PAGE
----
Geographic coordinates are a system of imaginary lines drawn over the globe or a map.

It is through the intersection of a meridian with a parallel that we can locate each point on the earth's surface.

Its coordinates are the **latitude** and the **longitude** and the principle used is graduation (degrees, minutes and seconds).

Parallels and meridians are indicated by degrees of circumferences. One degree (1 °) is one of 360 equal parts in which the circumference can be divided. A degree, in turn, is divided into 60 minutes (60 ') and each minute can be divided into 60 seconds (60 "). Thus, a degree is equal to 59 minutes and 60 seconds.

The **parallels** they are lines parallel to the Equator, and the imaginary line of Ecuador itself is a parallel. 0º corresponds to the equator, 90º to the north pole and -90º to the south pole.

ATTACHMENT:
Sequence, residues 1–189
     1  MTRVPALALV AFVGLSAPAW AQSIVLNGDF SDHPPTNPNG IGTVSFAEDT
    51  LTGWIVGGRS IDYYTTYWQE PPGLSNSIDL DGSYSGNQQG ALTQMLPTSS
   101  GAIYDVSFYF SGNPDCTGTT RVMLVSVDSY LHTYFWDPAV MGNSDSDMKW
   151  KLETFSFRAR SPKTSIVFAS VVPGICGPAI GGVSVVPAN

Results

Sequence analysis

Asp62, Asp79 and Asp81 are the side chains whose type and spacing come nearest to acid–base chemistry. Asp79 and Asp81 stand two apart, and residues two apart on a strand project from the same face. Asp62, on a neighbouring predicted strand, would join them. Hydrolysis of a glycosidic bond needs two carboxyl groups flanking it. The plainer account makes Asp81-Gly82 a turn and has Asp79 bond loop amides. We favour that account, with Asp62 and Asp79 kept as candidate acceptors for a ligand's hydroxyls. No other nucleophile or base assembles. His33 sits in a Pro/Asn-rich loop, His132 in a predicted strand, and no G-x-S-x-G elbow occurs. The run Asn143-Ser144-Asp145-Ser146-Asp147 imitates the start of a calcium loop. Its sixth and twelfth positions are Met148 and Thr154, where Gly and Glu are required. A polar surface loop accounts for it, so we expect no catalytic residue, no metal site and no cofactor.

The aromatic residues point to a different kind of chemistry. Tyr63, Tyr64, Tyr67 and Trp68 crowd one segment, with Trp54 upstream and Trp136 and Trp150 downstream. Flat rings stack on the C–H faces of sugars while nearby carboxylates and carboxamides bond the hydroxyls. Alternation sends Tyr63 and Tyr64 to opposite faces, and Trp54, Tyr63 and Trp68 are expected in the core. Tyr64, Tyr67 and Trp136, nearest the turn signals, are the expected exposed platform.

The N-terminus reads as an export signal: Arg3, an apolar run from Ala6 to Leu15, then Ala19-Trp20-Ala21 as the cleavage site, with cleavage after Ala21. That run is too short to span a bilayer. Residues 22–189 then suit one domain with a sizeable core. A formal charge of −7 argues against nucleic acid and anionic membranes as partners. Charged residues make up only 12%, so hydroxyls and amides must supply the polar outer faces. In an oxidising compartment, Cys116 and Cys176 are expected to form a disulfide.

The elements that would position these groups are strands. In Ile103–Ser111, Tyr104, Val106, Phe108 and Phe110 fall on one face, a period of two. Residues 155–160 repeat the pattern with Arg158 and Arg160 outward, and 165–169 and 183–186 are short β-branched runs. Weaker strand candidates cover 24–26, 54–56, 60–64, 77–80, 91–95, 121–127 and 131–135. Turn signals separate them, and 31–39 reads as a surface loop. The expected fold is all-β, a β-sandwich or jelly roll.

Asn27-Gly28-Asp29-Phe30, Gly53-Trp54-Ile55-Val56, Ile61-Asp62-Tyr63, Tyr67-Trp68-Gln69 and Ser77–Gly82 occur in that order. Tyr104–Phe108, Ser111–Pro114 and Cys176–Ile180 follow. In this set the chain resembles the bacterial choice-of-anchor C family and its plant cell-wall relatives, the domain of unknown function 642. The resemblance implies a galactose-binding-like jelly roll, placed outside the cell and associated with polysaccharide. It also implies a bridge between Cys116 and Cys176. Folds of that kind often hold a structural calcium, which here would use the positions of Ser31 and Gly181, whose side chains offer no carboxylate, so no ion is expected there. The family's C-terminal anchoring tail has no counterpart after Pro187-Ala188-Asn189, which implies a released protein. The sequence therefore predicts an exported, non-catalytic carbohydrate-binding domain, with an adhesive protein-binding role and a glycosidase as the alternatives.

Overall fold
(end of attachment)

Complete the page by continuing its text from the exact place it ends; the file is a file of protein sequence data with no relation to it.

The **meridians **they are lines perpendicular to Ecuador that run from the North Pole to the South Pole and intersect with the parallels. All meridians are the same size and the starting point for numbering is the meridian that passes through the Greenwich Observatory in England. Therefore, the Greenwich meridian is the main meridian (0 °). To the east of Greenwich, the meridians are measured by increasing values up to 180 ° and to the west their measurements are decreasing to the limit of -180 °.

From the meridians and parallels, geographic coordinates are established which are measured in degrees, and from geographic coordinates it is possible to locate any point on the earth's surface.